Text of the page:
“The next project, writing has got to take place for all of them because M-STEP is coming,” she said, and Bethune students can’t afford to wait until right before the test to start preparing. “Our kids are so far behind that they need to start this now.”
And while you’re at it, she asked Reynolds as they met in her office, could you possibly get the students to include math in their next presentation?
“I could,” Reynolds said. “Maybe some bar graphs?”
When Woods sat in on a second-grade reading lesson, she thought the students were connecting well with their teacher, Angela Willis, but she was concerned that Willis had called on the same student more than once.
“Be careful with that,” Woods cautioned when she met with Willis the next day. “You might not realize that you pick some of the same babies because sometimes we’re just moving so fast but … We need to really pay attention to are they responding to what we’re doing? … Who are the babies that are making progress, that are getting it? And who are the ones that … are still not getting it? We have to provide them with additional support.”
In every meeting with teachers, Woods said she asks them what they need and how she can help.
“You want people to feel good when they walk away and feel empowered to do the work because if they feel attacked, they can go make $7,000 more at the local charter school,” she said. “My thing is, I build people’s capacity. If you have a desire to teach, I’ll get you where you need to be.”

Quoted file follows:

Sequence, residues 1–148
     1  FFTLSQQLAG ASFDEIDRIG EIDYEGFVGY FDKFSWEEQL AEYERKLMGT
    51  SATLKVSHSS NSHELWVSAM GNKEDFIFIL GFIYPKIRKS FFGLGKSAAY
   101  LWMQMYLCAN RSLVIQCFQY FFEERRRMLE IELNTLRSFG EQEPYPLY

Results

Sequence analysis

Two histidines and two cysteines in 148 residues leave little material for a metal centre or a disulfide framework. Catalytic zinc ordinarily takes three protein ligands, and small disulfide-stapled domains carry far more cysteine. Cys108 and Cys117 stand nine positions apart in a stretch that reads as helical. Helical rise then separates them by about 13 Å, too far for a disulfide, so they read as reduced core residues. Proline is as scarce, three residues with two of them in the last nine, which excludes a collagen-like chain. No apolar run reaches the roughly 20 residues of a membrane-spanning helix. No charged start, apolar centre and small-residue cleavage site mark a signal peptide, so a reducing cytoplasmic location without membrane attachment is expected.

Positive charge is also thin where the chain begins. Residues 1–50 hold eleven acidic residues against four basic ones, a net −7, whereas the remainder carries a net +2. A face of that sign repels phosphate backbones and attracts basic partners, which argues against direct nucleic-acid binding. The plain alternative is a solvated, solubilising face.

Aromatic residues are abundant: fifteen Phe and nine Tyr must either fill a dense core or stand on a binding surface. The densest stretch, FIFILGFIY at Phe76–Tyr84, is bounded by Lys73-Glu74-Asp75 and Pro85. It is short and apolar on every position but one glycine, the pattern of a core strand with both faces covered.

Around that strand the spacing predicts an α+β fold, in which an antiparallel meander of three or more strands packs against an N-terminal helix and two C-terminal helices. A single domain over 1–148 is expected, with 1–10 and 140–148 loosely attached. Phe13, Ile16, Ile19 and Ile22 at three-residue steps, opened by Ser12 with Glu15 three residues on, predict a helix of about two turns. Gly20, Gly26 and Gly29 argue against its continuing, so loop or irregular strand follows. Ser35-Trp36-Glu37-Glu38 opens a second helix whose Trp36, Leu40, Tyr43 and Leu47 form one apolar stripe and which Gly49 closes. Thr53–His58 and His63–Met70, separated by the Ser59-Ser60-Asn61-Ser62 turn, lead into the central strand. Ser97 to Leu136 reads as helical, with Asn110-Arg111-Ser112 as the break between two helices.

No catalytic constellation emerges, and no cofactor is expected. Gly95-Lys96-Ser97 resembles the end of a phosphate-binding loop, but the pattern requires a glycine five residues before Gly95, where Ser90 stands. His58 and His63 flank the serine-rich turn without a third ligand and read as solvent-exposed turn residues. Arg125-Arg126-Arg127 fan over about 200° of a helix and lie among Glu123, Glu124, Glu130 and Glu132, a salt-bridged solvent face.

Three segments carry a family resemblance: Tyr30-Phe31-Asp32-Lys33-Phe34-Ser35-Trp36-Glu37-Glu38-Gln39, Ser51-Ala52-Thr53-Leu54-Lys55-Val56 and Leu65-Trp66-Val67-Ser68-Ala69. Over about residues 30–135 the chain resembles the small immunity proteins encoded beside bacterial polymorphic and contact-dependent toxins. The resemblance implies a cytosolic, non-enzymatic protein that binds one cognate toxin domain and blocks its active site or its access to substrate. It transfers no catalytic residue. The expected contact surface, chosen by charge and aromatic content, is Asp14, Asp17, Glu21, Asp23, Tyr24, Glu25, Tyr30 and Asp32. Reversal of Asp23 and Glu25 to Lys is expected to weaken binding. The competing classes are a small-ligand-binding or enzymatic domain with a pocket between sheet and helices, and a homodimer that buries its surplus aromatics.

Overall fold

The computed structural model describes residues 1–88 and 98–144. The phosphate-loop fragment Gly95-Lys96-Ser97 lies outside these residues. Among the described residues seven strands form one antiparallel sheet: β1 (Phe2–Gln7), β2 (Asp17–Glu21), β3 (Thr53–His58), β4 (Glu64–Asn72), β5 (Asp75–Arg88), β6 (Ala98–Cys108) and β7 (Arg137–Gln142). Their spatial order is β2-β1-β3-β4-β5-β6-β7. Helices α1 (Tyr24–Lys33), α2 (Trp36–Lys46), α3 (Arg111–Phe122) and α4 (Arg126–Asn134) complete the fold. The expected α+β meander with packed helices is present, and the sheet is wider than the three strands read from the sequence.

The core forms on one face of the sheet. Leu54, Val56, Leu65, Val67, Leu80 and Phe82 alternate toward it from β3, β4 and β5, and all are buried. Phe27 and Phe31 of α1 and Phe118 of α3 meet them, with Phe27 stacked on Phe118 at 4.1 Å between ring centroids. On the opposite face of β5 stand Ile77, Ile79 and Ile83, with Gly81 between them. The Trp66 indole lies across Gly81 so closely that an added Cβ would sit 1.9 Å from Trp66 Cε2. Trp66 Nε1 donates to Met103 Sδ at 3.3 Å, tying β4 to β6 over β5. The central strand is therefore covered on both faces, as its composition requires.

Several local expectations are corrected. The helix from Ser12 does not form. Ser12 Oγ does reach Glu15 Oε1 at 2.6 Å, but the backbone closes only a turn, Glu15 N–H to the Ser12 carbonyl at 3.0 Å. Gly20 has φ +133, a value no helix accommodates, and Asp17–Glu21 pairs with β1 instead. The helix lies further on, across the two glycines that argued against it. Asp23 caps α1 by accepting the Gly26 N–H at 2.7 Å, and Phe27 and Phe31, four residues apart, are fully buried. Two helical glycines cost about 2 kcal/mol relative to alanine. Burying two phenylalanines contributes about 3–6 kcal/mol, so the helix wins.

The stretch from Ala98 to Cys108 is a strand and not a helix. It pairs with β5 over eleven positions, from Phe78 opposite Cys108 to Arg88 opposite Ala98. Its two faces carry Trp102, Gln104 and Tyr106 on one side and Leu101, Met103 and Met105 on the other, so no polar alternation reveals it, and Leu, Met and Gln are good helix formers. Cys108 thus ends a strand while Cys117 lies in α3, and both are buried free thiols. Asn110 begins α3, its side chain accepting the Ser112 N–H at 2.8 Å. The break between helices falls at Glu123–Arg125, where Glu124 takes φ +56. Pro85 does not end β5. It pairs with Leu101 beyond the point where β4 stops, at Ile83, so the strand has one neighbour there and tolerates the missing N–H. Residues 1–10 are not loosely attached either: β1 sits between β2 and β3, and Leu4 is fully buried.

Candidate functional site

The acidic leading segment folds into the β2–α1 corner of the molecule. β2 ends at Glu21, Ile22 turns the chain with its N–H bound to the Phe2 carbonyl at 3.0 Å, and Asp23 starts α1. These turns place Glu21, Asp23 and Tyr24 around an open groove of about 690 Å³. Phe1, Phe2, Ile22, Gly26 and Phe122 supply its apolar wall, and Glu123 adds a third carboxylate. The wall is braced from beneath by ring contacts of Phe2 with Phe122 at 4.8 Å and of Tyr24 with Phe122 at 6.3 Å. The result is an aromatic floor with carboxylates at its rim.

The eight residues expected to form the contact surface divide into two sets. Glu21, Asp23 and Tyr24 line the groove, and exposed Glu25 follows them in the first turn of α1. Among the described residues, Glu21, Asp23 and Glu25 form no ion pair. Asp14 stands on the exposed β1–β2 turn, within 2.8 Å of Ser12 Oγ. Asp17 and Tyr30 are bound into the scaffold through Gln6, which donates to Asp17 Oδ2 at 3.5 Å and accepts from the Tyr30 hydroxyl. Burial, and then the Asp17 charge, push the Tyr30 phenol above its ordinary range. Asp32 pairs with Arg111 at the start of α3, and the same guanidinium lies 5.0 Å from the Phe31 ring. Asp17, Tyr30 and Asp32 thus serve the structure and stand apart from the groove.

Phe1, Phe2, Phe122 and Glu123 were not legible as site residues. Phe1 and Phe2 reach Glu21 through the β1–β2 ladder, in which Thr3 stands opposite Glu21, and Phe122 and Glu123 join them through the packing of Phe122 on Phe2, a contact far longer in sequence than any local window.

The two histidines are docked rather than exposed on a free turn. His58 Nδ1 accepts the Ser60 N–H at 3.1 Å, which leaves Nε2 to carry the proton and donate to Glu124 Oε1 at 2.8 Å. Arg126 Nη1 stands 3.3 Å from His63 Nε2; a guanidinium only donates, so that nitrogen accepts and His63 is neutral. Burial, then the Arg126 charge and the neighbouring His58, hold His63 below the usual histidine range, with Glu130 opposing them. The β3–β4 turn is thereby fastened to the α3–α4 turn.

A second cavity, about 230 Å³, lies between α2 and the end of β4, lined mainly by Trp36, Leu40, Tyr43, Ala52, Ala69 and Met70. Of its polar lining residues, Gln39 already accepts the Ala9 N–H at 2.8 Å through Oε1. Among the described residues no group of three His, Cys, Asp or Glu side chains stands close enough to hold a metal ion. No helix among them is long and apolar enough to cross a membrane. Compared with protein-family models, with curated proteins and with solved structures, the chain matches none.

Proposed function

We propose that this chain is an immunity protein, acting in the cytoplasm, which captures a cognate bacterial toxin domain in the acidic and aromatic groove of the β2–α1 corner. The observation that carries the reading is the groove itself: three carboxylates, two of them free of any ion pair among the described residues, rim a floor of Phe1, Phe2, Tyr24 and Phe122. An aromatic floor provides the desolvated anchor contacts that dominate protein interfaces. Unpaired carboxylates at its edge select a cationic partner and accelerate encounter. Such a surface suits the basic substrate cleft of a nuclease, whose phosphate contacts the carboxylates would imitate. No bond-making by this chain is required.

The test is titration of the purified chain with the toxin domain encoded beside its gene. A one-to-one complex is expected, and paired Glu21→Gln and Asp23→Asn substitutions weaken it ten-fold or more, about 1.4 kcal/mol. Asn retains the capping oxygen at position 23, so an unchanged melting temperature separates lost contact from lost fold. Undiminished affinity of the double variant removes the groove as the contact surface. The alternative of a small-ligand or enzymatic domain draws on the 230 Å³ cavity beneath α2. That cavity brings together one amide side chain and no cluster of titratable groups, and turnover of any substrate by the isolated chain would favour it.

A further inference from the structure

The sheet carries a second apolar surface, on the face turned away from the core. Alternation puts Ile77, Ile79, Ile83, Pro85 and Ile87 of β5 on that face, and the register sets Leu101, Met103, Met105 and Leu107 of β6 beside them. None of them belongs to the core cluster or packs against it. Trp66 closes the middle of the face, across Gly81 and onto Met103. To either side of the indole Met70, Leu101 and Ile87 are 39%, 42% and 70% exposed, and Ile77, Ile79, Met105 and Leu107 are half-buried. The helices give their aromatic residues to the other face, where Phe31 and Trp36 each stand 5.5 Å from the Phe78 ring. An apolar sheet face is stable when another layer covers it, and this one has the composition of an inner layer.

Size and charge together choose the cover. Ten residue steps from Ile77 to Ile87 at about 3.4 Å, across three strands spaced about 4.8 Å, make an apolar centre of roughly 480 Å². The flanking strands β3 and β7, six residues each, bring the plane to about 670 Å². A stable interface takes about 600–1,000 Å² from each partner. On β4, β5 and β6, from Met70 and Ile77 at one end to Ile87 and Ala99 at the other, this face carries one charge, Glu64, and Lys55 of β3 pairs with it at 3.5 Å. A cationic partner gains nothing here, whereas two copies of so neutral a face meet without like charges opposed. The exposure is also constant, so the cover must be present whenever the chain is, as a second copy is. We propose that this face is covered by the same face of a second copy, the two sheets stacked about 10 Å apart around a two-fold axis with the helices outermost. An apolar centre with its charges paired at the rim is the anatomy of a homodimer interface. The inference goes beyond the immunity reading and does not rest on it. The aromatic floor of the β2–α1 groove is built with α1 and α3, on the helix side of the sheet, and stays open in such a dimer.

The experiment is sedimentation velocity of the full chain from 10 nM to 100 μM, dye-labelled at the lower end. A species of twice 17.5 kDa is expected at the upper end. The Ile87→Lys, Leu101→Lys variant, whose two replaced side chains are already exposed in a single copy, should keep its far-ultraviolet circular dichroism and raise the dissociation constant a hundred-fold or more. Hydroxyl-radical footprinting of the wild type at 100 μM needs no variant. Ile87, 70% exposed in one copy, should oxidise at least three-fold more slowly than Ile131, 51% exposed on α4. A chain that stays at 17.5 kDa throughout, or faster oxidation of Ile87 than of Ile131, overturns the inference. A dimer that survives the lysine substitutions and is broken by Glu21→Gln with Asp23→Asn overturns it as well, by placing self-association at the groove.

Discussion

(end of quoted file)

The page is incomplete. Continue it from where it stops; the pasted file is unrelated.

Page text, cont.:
The teachers say they appreciate the feedback.
Vann said she hadn’t been sure how to find passages from the M-STEP before her meeting with the principal. Now, she said, she would hunt them down.
“I’m looking at my class through my eyes and I’m thinking it’s going smooth, but sometimes you can come in and see something,” Vann said. “If you notice something that I didn’t notice, I’m going to take your direction and then either try to fit it in or accommodate it any way.”
It can be daunting working with kids who have so many needs, said Reynolds, who is new to Bethune this year after working for 16 years in Detroit charter schools. But teaching is the best tool he has to help them, he said, so that’s where he’s focused.
“You will move the bar,” he said. “You just got to go in and do what you can.”
Woods isn’t promising fast, sweeping change at Bethune but she said she believes that things can improve for students.
“This is work that’s going to take a while, you know what I’m saying?” she said. “It won’t come overnight. But can it be done? Sure it can.”
Still, she added, “The problem is, you get new students and then they come with a different set of baggage. And then you start all over, so to speak.”
To focus on community life and the city’s future after bankruptcy, five nonprofit media outlets have formed the Detroit Journalism Cooperative (DJC).
The Center for Michigan’s Bridge Magazine is the convening partner for the group, which includes Detroit Public Television (DPTV), Michigan Radio, WDET, Chalkbeat and New Michigan Media, a partnership of ethnic and minority newspapers.
Funded by the John S. and James L. Knight Foundation and the Ford Foundation, the DJC partners are reporting about and creating community engagement opportunities relevant to the city’s bankruptcy, recovery and restructuring.